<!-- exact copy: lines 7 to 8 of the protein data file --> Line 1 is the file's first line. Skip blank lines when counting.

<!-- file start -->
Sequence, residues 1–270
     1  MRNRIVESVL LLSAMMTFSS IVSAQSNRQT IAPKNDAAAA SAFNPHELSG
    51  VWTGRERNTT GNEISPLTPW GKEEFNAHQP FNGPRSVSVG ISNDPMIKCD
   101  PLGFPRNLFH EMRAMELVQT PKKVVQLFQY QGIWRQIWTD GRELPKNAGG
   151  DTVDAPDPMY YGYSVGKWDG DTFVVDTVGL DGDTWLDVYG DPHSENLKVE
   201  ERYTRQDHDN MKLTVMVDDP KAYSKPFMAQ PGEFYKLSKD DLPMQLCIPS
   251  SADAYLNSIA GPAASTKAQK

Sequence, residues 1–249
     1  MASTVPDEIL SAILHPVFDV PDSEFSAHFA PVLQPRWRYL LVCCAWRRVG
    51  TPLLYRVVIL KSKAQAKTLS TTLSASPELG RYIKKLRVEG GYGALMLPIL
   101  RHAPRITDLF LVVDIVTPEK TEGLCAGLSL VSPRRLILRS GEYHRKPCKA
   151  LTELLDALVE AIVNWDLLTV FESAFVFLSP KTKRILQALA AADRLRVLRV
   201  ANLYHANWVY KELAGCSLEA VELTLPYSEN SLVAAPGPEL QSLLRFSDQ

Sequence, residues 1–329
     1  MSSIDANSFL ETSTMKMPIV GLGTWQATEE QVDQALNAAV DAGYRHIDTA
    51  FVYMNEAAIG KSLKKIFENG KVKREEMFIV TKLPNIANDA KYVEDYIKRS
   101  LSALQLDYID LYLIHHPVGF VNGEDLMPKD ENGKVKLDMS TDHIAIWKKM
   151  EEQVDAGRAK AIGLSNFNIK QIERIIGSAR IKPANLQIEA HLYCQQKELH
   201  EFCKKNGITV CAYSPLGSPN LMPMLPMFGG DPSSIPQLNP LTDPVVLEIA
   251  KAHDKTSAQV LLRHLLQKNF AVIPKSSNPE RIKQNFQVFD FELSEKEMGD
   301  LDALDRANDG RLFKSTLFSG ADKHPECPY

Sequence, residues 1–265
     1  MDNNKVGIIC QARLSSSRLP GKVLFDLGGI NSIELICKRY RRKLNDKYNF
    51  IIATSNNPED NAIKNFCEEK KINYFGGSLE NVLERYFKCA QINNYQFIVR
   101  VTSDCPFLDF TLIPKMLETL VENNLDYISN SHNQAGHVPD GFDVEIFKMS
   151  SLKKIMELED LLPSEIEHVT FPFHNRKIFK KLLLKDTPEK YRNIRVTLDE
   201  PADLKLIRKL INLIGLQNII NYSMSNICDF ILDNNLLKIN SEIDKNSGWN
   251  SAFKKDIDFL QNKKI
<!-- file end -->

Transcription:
   251  SADAYLNSIA GPAASTKAQK

Sequence, residues 1–249